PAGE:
Snorkel Dive / Stickiness

I’m an MIer and do not do the deep dives that you guys do. I’m a numbers guy and try to divine stuff without actually being there. I try divine stuff by looking at the numbers.

Anyway, I’m always concerned with “stickiness.” Take BYND. They’re hot, but anyone like Tyson can just come in and take it away. I was reading a recent SA article on TEAM. They spend very little on sales people, because the product sells itself. This means that the product must be awesome- a sign of stickiness.

I looked at (Sales+Gen Administration)/Sales, TTM. One would expect that established SaaS companies such as MSFT would have low numbers and it’s number 2, out of the 70. There are ones that keep showing up on IBD, week in and week out are the ones I consider “established.” They already have the ball already moving along. VEEV is number 7, PAYC is number 14. (I missed both boats.)

The second column is the Rate of SGA fall- How much did the percentage fall, compared to the previous 12 months. SGA/S (TTM)- SGA/S (PTM). A “large” negative number means that the number is falling fast, like DOCU, ZS and MDB.

Here’s the list. The data source is Portfolio123/ CompuStat. (Sorry in advance about the formatting.)

Ticker SGA2Sales%TTM Rate of Fall
TRHC 25.99 4.31
MSFT 31.76 -1.72
EBIX 34.81 5.08
SQ 39.45 0.19
HSTM 41.12 -2.27
RP 42.47 -3.34
VEEV 44.62 -1.67
APPF 44.72 -0.08
BLKB 47.16 2.79
ROKU 47.63 3.49
UPLD 48.56 -4.34
JCOM 48.63 -0.58
ALRM 50.25 0.87
PAYC 51.25 -2.26
SPSC 54.14 -5.63
TTD 55.54 0.74
ADBE 55.55 1.63
FIVN 55.85 -3.47
QLYS 56.13 -5.31
AAXN 56.85 1.73
LOGM 57.12 -2.11
PCTY 57.38 1.89
ZIXI 58.69 -3.02
QTWO 61.86 1.58
BNFT 63.12 2.3
SHOP 64.45 0.41
MDSO 67.66 1.96
CRM 68.25 0.99
UPWK 72.47 1.5
MIME 73.12 -1.95
CSOD 73.28 -4.56
TWLO 74.15 0.99
NOW 77.36 0.04
DBX 77.82 -34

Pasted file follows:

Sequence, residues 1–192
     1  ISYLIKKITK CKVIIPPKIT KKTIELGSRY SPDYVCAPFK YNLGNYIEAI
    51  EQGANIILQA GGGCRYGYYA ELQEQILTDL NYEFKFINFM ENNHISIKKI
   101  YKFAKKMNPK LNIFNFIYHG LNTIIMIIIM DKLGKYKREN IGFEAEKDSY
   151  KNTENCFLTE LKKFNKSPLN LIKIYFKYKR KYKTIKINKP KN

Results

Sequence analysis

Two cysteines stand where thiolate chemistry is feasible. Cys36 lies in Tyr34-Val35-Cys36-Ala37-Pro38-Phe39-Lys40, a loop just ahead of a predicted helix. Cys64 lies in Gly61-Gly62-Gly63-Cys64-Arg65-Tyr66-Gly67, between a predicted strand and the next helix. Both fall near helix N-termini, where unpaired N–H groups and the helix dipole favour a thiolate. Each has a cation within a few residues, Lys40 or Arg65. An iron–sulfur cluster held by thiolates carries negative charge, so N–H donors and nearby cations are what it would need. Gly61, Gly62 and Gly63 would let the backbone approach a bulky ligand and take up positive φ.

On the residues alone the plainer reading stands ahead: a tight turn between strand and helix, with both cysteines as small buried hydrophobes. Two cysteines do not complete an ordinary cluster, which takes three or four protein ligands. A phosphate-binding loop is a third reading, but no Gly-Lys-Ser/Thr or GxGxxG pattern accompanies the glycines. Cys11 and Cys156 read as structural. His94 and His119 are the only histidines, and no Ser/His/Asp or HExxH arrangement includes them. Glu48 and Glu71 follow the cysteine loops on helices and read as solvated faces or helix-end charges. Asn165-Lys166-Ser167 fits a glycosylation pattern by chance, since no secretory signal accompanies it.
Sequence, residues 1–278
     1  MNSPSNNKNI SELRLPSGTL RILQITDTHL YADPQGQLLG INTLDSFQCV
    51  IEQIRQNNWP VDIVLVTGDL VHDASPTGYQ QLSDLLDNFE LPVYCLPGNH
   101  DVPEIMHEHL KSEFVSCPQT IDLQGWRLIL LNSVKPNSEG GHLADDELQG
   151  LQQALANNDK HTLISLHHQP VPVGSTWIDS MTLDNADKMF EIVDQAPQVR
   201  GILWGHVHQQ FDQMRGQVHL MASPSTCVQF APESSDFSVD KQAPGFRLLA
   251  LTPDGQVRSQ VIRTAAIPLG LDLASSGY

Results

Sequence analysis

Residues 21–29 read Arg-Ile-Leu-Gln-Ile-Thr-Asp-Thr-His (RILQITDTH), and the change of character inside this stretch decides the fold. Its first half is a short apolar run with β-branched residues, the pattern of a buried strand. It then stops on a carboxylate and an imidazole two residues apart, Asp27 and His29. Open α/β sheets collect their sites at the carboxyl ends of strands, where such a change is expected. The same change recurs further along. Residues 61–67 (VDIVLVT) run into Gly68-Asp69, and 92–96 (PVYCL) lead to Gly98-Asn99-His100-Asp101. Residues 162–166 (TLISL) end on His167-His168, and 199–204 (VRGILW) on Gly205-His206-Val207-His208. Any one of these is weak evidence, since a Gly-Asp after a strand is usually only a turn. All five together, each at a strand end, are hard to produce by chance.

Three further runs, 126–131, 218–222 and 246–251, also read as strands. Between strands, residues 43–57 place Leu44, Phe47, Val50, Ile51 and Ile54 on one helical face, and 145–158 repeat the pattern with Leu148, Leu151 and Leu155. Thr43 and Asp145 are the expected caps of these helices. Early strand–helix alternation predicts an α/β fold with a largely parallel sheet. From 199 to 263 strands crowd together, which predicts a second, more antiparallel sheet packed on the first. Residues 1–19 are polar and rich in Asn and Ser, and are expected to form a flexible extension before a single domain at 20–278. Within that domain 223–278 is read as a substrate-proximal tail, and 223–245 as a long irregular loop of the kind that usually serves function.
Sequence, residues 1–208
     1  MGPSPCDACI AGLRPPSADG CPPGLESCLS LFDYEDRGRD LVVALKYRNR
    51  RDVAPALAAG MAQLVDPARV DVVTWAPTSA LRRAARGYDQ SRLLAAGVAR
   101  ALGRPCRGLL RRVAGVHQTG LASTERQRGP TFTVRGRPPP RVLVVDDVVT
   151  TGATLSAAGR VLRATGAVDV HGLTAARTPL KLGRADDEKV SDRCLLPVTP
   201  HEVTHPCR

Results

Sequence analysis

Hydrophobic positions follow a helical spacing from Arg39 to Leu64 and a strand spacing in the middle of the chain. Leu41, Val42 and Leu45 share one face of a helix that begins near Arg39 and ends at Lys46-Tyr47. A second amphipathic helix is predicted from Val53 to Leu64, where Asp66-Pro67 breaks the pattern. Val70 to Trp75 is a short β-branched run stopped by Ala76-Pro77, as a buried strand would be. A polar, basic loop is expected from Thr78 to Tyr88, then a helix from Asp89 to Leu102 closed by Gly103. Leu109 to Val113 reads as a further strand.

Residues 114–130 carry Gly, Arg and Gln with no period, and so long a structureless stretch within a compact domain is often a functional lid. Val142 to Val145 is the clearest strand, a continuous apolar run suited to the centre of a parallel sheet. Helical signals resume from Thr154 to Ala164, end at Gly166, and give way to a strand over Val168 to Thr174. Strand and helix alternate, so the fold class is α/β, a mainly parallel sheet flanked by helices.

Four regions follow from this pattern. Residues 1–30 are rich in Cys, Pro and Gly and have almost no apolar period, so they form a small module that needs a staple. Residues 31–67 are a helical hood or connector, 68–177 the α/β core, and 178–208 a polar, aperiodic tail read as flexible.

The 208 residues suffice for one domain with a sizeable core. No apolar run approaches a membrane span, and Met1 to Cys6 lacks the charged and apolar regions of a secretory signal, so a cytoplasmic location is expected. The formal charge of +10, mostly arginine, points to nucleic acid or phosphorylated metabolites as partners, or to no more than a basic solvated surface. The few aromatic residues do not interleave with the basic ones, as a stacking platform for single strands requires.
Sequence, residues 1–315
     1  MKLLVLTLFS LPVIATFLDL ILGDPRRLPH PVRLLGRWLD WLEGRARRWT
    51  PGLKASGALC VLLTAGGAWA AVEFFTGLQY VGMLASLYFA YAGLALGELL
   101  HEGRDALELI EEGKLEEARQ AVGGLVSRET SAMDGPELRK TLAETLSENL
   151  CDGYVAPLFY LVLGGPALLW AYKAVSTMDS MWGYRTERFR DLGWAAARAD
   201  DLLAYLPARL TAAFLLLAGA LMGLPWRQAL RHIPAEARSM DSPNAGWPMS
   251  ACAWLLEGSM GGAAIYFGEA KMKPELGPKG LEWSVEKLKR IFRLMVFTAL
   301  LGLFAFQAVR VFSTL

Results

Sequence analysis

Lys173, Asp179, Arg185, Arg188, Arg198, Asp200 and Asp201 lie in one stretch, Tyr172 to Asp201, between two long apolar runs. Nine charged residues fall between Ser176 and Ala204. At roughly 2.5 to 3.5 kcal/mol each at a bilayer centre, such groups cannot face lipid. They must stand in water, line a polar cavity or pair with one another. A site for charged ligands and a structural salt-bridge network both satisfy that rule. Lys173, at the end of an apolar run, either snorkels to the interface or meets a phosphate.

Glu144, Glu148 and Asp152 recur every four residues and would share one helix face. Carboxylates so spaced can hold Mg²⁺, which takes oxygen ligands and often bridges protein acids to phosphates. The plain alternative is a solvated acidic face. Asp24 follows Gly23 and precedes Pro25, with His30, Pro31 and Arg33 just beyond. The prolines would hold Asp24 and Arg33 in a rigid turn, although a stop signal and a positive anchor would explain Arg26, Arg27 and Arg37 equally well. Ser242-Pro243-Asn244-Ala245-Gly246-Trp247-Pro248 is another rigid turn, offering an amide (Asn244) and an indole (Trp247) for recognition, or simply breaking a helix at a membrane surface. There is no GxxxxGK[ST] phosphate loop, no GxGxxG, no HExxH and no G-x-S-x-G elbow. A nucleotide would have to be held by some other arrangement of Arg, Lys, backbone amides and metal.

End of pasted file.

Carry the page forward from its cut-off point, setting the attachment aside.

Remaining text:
RNG 78.13 1.45
ZM 78.89 -5.87
ECOM 80.12 -4.05
LPSN 81.46 7.41
ZUO 81.62 2.25
AYX 82.43 -9.16
TEAM 82.75 -1.61
WIX 84.08 -6.38
PFPT 84.27 1.88
WDAY 85.02 1.47
APPN 85.48 3.58
COUP 85.49 -5.43
FEYE 86.89 -4.29
WK 87.89 -5.29
HUBS 88.46 -1.82
BL 88.56 -0.87
ZS 89.47 -8.32
TWOU 89.85 -2.68
NEWR 90.49 -5.03
ZEN 90.92 -2.86
EVBG 91.32 3.72
BOX 92.16 -9.39
INST 93.38 -2.88
SPLK 95.04 1.03
TLND 95.93 0.16
DOCU 100.53 -25.83
MOBL 102.64 -10.65
MDB 103.73 -22.08
OKTA 103.96 -3.29
CLDR 106.37 -15.32
YEXT 106.88 -4.5
ESTC 108.19 4.52
SMAR 112.96 -11.18
NTNX 114.73 27.9
PD 117.66 -5.02
WORK 122.5 -21.15

DoesMIWork

6 Likes

Here’s the formatted data. The second column is the percentage of sales spent on selling the product (plus general and administration costs) and the second shows the trend compared to the year before, all TTM. A negative number on the second column shows that the percentage spent on selling the product is less than the PTM, implying that the product is selling itself.

	Ticker	SGA2Sales%TTM	Rate of Fall	
	TRHC	25.99	4.31	
	MSFT	31.76	-1.72	
	EBIX	34.81	5.08	
	SQ	39.45	0.19	
	HSTM	41.12	-2.27	
	RP	42.47	-3.34	
	VEEV	44.62	-1.67	
	APPF	44.72	-0.08	
	BLKB	47.16	2.79	
	ROKU	47.63	3.49	
	UPLD	48.56	-4.34	
	JCOM	48.63	-0.58	
	ALRM	50.25	0.87	
	PAYC	51.25	-2.26	
	SPSC	54.14	-5.63	
	TTD	55.54	0.74	
	ADBE	55.55	1.63	
	FIVN	55.85	-3.47	
	QLYS	56.13	-5.31	
	AAXN	56.85	1.73	
	LOGM	57.12	-2.11	
	PCTY	57.38	1.89	
	ZIXI	58.69	-3.02	
	QTWO	61.86	1.58	
	BNFT	63.12	2.3	
	SHOP	64.45	0.41	
	MDSO	67.66	1.96	
	CRM	68.25	0.99	
	UPWK	72.47	1.5	
	MIME	73.12	-1.95	
	CSOD	73.28	-4.56	
	TWLO	74.15	0.99	
	NOW	77.36	0.04	
	DBX	77.82	-34	
	RNG	78.13	1.45	
	ZM	78.89	-5.87	
	ECOM	80.12	-4.05	
	LPSN	81.46	7.41	
	ZUO	81.62	2.25	
	AYX	82.43	-9.16	
	TEAM	82.75	-1.61